In fact, Jodi felt better prepared to tackle perhaps the biggest challenge of all–being a parent: “Seeing so many different children and parenting styles over the years really helped prepare me to some extent for becoming a mom myself. I had so many role models.”
In a refreshingly candid way, Jodi added, “They helped me to be a better mom and got me to thinking, ‘What does a mom want? What does she deserve?’ That’s when I really started listening to what parents want for their children.”
Now that those mothers are grandparents, Jodi loves the fact that their children are bringing their kids to learn gymnastics: “When our ‘legacies,’ or second-generation kids, come through the door and the mom tells me of her great memories as a child at the gym and that she is now bringing her own child, I have been brought to tears on many occasions.”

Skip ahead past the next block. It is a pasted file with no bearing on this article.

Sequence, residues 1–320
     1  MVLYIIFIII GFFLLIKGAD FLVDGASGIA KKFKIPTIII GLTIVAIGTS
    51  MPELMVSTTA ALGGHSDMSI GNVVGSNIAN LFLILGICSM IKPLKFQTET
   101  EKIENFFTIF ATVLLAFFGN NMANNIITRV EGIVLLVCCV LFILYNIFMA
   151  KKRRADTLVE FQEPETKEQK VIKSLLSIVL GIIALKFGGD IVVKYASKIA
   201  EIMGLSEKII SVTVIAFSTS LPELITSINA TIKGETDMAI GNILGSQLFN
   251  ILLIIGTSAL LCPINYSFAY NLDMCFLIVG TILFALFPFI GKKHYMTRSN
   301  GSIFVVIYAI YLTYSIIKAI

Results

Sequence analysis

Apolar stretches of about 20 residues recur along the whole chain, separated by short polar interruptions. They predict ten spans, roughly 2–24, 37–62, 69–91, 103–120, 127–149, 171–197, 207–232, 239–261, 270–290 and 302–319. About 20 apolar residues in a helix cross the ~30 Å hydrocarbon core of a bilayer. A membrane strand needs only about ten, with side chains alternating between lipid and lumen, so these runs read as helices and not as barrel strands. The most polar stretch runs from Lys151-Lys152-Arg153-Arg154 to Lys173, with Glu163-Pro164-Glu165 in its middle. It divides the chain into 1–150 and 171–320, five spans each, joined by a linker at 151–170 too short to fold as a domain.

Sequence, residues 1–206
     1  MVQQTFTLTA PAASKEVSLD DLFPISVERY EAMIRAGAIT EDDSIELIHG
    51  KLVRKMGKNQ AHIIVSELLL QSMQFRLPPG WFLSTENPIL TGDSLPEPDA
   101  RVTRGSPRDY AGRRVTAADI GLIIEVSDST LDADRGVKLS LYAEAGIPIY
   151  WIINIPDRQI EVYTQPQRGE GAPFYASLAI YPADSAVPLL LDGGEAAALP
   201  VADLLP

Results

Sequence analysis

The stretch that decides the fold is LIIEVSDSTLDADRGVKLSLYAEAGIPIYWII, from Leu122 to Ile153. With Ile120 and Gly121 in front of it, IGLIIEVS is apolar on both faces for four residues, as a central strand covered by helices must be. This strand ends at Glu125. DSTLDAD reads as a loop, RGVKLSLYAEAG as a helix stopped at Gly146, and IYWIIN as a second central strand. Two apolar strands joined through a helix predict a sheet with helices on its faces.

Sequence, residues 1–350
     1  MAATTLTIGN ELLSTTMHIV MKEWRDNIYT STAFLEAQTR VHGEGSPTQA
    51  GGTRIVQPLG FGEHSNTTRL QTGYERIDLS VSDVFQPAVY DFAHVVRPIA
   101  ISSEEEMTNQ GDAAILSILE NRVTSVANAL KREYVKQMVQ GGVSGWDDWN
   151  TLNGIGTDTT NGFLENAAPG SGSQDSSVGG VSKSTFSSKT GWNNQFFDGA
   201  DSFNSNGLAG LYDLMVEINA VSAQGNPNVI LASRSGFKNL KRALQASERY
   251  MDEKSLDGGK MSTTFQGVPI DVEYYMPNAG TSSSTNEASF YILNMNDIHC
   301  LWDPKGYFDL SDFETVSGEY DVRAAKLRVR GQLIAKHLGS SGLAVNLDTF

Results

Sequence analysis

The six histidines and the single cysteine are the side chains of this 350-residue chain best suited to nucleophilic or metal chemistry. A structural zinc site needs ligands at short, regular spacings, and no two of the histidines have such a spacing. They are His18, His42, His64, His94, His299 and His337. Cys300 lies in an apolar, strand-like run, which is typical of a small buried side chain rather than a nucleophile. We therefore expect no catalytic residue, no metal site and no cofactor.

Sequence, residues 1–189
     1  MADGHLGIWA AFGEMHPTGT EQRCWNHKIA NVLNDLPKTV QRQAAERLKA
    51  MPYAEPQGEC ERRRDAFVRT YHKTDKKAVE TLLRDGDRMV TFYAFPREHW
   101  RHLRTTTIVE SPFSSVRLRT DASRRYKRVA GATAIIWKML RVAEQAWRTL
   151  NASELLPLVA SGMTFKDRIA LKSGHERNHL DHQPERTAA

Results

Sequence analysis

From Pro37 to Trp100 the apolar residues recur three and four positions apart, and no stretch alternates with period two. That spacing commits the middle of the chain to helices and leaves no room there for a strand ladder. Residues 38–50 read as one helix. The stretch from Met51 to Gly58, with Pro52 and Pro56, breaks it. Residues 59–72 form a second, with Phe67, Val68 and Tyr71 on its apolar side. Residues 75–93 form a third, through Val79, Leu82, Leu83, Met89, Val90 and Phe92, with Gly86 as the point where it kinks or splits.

Being sensitive to the needs and interests of families with children with all types of special needs, allergies, likes and dislikes further accounts for the variety of programs at Jodi’s Gym.
That sensitivity came close to home, shaping the parenting style of Jodi and her husband, Hal, who made physical activity and music a big part of their children’s lives. It also served as the inspiration for some innovative classes at Jodi’s Gym. For example, Jodi introduced gym and music classes after noticing how much her then two-year-old son, Will, enjoyed music. Later, when her daughter, Marly turned two, she enjoyed the musician Bobby Doowah so much that Jodi began featuring him in Jodi’s Gym birthday parties.